Long-term under-masculinization in male rabbits due to maternal stress is reversed by prenatal administration of testosterone

Oxána Bánszegi, Péter Szenczi, Anita Dúcs, Robyn Hudson, Vilmos Altbäcker

Research output: Contribution to journalArticle

2 Citations (Scopus)


It is well established that in mammals prenatal exposure to exogenous testosterone has a masculinizing effect on female morphology and behavior. Fewer studies, however, have been conducted in males on this subject, and the results are controversial. In the present study, we investigated the long-term effect of administering extra prenatal testosterone (testosterone proprionate; TP) on adult male domestic rabbits' morphology and behavior using two different control groups, non-treated and vehicle injected mothers. Unexpectedly, administering the vehicle alone had a clear under-masculinizing effect on all morphological and behavioral measures; lower body mass, smaller anogenital distance and smaller chin glands, lower chin-marking activity and greater timidity. Administration of TP counteracted this effect in a dose-dependent manner such that animals exposed to the highest dose prenatally showed values on the morphological and behavioral measures equivalent to but not greater than the non-treated control group. We conclude (1) that additional testosterone beyond what male fetuses produce in utero does not result in increased masculinization, and thus, that male fetuses are less susceptible prenatally to hormonal effects than females, and (2) that presumably stress-related effects of administering the vehicle alone resulted in under-masculinization, which could be recovered by the prenatal administration of TP. These results may partly account for the contradictory findings of previous studies, and indicate the importance of including both non-treated and sham- (vehicle) treated controls in future experiments.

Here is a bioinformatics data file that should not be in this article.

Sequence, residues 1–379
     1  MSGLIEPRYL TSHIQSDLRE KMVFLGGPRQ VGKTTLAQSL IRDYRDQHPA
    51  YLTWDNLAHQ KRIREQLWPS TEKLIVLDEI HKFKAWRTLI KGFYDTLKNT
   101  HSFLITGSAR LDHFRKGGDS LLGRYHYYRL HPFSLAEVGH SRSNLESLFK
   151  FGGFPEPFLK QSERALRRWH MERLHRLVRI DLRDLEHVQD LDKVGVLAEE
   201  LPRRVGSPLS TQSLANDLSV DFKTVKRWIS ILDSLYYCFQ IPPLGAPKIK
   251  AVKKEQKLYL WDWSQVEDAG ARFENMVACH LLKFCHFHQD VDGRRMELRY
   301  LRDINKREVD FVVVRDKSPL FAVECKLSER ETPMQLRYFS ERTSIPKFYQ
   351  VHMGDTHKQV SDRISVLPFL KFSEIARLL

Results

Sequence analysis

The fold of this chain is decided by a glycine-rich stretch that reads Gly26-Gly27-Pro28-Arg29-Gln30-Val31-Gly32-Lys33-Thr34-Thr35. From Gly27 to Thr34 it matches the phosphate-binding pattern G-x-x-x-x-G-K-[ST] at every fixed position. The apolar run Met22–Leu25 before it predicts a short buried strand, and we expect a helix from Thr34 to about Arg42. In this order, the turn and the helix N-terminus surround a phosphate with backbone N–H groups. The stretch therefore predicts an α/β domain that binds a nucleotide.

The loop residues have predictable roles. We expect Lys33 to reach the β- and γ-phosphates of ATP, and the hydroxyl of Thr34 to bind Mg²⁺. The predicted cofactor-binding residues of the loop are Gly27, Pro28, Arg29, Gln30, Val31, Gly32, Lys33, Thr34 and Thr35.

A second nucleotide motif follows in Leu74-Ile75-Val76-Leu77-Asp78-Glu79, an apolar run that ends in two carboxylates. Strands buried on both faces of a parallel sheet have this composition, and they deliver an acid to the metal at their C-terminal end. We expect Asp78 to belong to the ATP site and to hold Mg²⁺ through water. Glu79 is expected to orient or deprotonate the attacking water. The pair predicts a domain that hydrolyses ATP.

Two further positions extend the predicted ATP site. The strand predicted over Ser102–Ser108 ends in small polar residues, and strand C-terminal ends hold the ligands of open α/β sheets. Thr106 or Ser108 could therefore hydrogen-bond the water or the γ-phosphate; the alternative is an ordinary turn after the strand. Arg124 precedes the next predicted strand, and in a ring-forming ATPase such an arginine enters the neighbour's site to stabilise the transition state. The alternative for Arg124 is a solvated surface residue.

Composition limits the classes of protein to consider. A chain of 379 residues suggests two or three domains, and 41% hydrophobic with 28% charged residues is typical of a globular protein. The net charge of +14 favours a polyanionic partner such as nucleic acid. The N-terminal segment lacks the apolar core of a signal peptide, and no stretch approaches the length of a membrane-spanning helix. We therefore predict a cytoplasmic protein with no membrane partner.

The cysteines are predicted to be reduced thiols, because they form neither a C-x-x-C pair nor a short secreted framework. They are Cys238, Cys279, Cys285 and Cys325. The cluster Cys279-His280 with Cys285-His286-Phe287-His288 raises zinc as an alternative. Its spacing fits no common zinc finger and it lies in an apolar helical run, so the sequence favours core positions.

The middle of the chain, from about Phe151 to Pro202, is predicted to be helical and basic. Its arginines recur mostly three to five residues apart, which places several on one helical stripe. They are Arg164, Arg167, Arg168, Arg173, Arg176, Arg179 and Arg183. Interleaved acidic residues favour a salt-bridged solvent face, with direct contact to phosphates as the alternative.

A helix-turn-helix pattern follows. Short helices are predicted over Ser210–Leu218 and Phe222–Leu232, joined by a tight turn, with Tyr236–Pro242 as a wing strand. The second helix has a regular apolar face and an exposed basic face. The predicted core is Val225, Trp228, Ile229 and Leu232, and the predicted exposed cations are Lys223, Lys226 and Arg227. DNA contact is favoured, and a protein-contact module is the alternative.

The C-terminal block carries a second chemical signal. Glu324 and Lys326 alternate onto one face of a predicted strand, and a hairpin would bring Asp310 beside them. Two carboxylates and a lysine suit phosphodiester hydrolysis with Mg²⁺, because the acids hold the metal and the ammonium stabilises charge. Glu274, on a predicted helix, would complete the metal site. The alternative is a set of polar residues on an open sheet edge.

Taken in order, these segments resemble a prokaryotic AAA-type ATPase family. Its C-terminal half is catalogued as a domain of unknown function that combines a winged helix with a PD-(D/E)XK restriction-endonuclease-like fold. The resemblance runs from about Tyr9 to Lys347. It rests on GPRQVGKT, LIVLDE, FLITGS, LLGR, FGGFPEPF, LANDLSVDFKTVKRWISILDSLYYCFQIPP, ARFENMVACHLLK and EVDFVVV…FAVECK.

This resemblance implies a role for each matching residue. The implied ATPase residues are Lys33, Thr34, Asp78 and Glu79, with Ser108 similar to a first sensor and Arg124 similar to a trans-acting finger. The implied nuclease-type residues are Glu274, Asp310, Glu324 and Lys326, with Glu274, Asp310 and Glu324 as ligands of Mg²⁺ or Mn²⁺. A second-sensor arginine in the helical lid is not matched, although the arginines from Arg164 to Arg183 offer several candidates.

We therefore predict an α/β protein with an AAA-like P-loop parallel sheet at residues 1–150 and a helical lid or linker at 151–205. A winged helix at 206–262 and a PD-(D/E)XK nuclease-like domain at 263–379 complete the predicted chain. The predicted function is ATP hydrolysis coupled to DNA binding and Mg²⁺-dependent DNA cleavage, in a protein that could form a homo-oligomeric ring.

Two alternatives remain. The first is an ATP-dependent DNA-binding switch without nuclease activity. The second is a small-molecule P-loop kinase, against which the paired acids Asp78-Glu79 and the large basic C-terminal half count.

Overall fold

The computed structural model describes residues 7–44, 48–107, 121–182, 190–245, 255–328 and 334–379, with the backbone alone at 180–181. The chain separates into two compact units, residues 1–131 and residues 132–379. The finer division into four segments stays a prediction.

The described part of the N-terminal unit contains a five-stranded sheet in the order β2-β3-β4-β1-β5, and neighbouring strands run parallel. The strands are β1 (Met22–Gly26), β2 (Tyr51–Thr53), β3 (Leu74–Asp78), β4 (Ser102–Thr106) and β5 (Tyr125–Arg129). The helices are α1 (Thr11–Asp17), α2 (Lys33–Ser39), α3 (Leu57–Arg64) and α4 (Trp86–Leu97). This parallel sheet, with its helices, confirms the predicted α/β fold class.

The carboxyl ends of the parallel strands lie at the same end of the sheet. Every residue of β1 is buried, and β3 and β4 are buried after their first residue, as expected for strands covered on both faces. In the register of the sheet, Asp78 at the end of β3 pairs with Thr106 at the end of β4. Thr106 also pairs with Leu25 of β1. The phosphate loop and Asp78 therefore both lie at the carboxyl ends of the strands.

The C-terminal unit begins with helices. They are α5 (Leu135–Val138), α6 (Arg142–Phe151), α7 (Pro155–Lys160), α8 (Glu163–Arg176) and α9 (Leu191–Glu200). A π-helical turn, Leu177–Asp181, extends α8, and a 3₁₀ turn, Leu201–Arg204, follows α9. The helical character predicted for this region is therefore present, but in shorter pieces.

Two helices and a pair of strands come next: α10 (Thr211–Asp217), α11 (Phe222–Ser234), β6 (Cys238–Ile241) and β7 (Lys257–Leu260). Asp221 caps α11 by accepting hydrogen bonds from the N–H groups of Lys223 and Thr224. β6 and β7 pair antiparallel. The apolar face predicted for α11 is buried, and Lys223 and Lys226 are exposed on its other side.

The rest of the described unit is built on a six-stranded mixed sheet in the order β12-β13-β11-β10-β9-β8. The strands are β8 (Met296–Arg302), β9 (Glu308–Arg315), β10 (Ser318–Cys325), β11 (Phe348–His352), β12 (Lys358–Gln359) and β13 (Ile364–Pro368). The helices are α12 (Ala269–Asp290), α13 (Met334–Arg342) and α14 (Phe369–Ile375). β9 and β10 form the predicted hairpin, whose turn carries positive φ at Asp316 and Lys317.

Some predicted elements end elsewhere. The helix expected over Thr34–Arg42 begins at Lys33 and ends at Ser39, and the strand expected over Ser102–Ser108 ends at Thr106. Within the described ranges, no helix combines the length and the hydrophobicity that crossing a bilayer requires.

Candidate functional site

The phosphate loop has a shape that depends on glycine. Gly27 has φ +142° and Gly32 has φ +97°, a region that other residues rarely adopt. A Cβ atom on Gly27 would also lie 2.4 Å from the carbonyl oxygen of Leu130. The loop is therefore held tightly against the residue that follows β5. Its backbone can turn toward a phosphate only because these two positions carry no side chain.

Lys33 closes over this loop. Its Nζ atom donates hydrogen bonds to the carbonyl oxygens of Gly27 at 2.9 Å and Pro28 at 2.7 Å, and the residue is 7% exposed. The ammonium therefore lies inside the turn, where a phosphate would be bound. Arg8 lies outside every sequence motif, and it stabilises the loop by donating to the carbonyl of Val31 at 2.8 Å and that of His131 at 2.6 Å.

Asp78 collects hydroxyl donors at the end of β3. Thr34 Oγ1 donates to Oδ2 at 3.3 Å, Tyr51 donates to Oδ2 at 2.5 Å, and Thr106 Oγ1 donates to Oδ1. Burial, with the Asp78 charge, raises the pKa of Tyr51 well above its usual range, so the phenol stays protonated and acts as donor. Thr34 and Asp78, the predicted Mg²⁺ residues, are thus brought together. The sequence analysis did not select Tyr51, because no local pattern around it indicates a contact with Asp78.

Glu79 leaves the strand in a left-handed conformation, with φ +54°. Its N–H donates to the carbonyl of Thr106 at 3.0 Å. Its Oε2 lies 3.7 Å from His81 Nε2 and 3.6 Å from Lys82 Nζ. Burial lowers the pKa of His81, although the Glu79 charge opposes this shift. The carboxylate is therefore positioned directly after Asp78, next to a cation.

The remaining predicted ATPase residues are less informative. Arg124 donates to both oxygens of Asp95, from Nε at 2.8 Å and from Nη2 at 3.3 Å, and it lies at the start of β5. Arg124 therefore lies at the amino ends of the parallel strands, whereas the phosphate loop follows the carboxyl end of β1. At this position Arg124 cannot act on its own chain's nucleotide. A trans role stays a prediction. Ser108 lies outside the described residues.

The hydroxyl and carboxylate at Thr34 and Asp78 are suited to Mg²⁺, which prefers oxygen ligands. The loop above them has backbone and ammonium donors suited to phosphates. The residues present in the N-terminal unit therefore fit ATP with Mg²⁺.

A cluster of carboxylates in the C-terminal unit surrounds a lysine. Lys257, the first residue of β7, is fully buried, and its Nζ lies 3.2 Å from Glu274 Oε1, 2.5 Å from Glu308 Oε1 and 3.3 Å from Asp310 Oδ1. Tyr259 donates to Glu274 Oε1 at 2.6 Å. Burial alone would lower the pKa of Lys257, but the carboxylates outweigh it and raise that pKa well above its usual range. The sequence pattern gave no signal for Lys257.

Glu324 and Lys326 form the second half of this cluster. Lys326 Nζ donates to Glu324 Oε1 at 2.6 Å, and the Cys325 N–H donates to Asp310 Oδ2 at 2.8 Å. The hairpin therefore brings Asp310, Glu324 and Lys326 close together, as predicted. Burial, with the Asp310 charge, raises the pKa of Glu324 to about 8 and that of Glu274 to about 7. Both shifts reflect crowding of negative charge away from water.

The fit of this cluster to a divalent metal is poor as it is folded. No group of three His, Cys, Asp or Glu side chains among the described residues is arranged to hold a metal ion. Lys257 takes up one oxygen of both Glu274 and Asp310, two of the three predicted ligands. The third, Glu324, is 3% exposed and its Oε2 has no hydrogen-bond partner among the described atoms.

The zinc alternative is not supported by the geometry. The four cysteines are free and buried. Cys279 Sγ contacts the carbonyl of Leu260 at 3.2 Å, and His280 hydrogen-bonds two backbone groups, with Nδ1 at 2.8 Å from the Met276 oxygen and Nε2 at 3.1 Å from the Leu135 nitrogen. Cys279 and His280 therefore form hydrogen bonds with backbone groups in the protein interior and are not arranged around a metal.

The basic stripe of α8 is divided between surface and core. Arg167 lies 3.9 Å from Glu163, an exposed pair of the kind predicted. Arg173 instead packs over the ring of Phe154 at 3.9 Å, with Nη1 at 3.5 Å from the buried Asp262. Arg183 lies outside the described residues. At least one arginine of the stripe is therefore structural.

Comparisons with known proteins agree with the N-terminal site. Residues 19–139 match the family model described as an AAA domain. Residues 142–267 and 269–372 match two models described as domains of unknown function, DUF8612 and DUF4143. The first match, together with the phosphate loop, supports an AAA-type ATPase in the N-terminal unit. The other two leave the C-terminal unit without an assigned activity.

Original languageEnglish
Pages (from-to)156-162
Number of pages7
JournalBehavioural Processes
Publication statusPublished - Jun 1 2015


  • Anogenital distance
  • Chin marking
  • Masculinization
  • Maternal stress
  • Prenatal development
  • Testosterone

ASJC Scopus subject areas

  • Animal Science and Zoology
  • Behavioral Neuroscience

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